Foundational Life Skills in Lamont County

Posted: 9 February 2017

Author: Odette Lloyd, Community Learning Network

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Comments: 2

Recommendations: 1

Debbie HollandThis week, we are pleased to feature a guest blogger. Debbie Holland is the Director of Lamont County Community Adult Learning Council. 

Our Lamont County CALP more or less stumbled into the Foundational Life Skills component of approved programming. The foundation of all of the programs we now run stems from our family literacy program (which we named Play and Learn – P.A.L.). P.A.L. is based on two family literacy models. In our first hour we do a mix of Rhymes That Bind and storytelling/reading time with the parents (guardians) and children combined. We explain to the parents how critical it is to nourish the thirsty little minds in their early years. When we point out what it truly means when their child reaches for a book or a page in a book we can see the lights go on. It is so rewarding to watch literacy emerging in the children and to witness the recognition in the parents’ eyes when they can see their own success. After this segment of our program we provide a snack break for the children and a ½ hour transition into child care.

Being a CALP in a rural community with very few services, one of the major barriers learners face is child care. We know that for a program to be well-attended we need to offer child care. After the children are settled into child care, the adults are led by facilitators through parenting topics using literacy strategies based on the LAPS model (Literacy and Parenting Skills). This is a very fruitful segment of our program and the biggest influence in building a cohesive, supportive environment. Friendships are formed and judgements do not exist because everyone is struggling in some capacity.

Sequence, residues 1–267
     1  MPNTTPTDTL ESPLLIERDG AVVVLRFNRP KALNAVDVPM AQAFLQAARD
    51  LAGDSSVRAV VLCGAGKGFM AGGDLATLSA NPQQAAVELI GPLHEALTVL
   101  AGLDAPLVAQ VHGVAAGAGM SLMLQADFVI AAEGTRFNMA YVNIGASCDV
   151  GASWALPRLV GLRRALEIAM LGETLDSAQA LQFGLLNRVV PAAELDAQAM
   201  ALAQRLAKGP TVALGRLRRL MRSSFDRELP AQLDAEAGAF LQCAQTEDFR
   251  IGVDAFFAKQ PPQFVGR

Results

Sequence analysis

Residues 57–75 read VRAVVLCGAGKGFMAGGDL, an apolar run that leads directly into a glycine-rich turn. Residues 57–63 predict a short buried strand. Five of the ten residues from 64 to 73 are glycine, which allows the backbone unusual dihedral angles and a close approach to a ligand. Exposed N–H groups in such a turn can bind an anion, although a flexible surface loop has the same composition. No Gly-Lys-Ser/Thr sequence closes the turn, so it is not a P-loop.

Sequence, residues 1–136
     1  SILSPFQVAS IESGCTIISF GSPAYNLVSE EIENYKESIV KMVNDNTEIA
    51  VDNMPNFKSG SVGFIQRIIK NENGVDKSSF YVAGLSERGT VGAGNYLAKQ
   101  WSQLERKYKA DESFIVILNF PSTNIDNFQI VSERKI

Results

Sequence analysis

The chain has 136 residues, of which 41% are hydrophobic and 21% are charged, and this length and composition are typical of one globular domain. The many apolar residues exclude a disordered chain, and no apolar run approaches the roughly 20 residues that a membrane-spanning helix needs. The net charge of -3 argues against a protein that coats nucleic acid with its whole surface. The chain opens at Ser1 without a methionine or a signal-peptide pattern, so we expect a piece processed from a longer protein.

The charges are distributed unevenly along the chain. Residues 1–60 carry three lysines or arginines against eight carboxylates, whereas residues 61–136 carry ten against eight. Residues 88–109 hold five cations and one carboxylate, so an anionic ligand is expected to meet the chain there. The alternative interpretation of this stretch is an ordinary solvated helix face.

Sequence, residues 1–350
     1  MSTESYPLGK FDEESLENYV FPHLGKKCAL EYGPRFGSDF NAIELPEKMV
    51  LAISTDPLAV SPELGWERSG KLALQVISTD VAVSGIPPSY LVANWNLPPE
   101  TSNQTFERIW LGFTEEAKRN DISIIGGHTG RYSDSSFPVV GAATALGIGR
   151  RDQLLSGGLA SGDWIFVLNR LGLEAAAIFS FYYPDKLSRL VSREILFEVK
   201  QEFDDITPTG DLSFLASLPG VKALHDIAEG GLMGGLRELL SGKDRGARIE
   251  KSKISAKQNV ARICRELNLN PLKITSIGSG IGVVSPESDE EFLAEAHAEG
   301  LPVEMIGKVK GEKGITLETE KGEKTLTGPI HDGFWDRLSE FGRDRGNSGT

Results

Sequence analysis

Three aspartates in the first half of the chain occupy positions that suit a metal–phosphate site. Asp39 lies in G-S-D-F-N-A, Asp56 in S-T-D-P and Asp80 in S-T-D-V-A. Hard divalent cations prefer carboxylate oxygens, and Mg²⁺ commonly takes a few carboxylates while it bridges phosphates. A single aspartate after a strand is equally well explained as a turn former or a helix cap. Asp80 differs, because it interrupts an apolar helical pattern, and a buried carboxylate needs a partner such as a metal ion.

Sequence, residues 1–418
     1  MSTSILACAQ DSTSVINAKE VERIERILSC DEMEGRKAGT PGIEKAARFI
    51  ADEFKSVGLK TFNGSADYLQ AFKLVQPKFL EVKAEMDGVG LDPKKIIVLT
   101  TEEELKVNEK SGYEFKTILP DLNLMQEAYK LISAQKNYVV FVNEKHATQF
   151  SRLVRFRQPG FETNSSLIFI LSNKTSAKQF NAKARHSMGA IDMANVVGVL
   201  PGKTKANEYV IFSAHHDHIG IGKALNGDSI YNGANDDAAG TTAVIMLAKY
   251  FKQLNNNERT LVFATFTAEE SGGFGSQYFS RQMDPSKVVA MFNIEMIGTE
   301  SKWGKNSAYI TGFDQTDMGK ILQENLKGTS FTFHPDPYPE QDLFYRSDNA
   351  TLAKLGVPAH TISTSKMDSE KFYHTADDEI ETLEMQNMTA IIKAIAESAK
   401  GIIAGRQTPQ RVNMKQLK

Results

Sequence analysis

As we all know, food brings people together. All our cares seem to melt away over a meal. The children return after our LAPS segment and the adults, who have had a one hour reprieve from their children, gather them up to partake of a catered lunch. Everyone leaves with full tummies and smiles on their faces. As a token of our gratitude for letting us be a part of their lives, we give each family a little gift – sometimes it is a book or child appropriate toy for the children or something just for the grown-up.

P.A.L. runs three hours for six Mondays in the spring and repeats in this fashion for the fall. As facilitators and program developers, the length of P.A.L. provides us the opportunity to truly get to know each family.

While it all sounds so warm and fluffy it takes great skill to create an accepting environment. Our family literacy facilitators succeed in doing this. They also possess extremely good instincts. In my opinion it is the facilitators who make our programs a success. For example, when they noticed there seemed to be a lot of parental anxiety and low self-esteem, they brought this to my attention. I spoke with one of our community partners and asked her if she was noticing this amongst her home-based clients. When she commented that this was, indeed, an issue we jointly prepared a program to address some of the issues. We called our program RENEW.